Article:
# Continuous map from connected subset of R^n to one of the real zero of an odd degree polynomial whose coefficients are polynoms of the variables

Let take a real multivariate polynomial $P(x_1, \ldots, x_n, y)$ such as the degree of P relatively to the variable $y$ is odd. Thus, for each $X = x_1,\ldots,x_n \in\mathbb{R}^n$, the univariate polynomial $P(X, y) \in \mathbb{R}[y]$ has at least one real zero.

Given a compact connected subset $A$ of $\mathbb{R}^n$, Is it possible to construct a continuous map $\phi: A \rightarrow \mathbb{R}$ such that for all $X \in A, P(X, \phi(X)) = 0$ (so namely the map $\phi$ choose one of the real roots of the polynomial $P(X,.)$ )?

Remark

The continuous dependence of the (complex) roots to the coefficients made me thought that it may be possible.

If we have no singularity then we can apply the implicit functions theorem to obtain a non-empty primary set where this function is defined, then take the closure of that set (and extend the definition of $\phi$ on the cluse) to get a close(by construction) and open( by applying the IFT) subset of $A$ and thus be good by connection.

But what append when singularities occur? I tend to think that if there are not that much, we can get rid of them by extending by continuity the function constructed on the non-singular points.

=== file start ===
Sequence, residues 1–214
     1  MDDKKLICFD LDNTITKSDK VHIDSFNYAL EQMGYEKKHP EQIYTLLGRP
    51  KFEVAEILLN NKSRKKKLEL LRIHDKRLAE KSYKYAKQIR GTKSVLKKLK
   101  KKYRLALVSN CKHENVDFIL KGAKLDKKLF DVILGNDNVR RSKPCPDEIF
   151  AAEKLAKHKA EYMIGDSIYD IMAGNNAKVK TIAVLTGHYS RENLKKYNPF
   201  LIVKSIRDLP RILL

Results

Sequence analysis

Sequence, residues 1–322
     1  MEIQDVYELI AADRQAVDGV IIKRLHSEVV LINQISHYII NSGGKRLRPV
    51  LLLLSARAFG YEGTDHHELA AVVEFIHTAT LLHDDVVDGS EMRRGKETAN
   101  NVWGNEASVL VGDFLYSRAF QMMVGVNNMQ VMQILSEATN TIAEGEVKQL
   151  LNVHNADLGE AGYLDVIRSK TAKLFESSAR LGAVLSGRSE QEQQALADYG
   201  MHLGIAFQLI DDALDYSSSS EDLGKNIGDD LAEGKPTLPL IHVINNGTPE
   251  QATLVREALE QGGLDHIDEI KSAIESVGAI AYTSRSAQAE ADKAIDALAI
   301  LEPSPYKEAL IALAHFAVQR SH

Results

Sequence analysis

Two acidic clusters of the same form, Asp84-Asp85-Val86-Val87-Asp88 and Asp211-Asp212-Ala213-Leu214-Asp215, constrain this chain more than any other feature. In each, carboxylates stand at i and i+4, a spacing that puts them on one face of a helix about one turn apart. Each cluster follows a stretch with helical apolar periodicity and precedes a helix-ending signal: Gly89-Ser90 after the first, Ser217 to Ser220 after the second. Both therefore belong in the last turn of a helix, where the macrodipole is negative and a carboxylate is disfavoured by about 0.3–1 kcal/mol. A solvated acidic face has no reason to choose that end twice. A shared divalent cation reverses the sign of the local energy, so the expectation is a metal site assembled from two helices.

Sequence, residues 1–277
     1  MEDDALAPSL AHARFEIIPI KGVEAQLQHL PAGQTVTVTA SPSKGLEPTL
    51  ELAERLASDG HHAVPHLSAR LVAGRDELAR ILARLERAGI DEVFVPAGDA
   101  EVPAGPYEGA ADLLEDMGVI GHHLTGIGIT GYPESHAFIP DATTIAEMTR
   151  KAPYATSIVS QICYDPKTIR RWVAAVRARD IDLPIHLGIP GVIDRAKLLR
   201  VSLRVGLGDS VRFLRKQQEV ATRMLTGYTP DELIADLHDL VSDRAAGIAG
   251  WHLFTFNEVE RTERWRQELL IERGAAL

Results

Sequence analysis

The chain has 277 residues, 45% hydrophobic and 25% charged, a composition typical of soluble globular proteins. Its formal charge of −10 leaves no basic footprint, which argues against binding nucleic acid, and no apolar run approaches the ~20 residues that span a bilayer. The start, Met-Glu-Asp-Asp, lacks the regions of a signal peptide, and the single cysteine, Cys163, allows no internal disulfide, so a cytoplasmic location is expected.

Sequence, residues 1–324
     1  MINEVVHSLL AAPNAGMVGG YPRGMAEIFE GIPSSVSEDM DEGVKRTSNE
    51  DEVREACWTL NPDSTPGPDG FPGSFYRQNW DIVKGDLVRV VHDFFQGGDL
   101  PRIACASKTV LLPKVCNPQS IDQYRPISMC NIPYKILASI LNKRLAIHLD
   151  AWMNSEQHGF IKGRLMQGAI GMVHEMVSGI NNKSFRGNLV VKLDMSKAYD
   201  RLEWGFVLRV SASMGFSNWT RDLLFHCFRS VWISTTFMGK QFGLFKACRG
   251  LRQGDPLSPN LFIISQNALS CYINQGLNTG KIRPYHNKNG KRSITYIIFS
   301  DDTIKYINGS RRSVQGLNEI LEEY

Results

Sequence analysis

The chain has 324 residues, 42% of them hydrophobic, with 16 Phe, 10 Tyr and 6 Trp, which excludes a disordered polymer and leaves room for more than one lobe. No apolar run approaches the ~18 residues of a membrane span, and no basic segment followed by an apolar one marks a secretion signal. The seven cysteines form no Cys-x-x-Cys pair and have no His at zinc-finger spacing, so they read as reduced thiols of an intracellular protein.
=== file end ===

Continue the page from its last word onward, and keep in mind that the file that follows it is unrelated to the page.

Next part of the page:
This won't work. Consider $P(x,y)=y^3-y+x$ and let $A$ be an interval $[-R,R]$, with $R\gg 1$. Then initially, at $x=0$, our polynomial has three zeros, but the second and third will disappear as we increase $x$. So we'd have to take the smallest zero, but this doesn't work either (when we make $x$ small), for the same reason.

• Indeed. But what is appearing is that we can have a decomposition in three connected where such a map exists. (it is in that case a trivial consequence of the point made by Liviu Nicolaescu). And moreover the values taken by the maps are bounded, is it a general property? – TomTom May 21 '15 at 9:13

The set $\newcommand{\bR}{\mathbb{R}}$ $\newcommand{\bx}{\boldsymbol{x}}$

$$Z:=\bigl\{ \;(\bx,y)\in\bR^n\times \bR;\;\; P(\bx,y)=0\,\bigr\},$$

is semialgebraic and the natural projection $\pi: Z\to\bR^n$, $(\bx,y)\mapsto \bx$ is a continuous semialgebraic map.

You are asking whether this map admis sections defined over arbitrary compact subsets $A\subset \bR^n$. As Christian Remling shows in his example, this may not be possible. Still there is something you can say in general.

Using a bit of real algebraic geometry you can show that for any $R>0$ the cube $C_R=[-R,R]^n\subset \bR^n$ admits a (semialgebraic) triangulation with the property that the fibration defined by $\pi$ is locally trivial over the (relative) interior of any face of this triangulation. In particular, it admits continuous semialgebraic sections defined over the (relative) interiors of the faces of the triangulation.

• Bouncing on my previous remark, is it possible to continuously extend it to the closure of these interiors? Thus we could obtain a bounded property by compactness ? – TomTom May 21 '15 at 9:16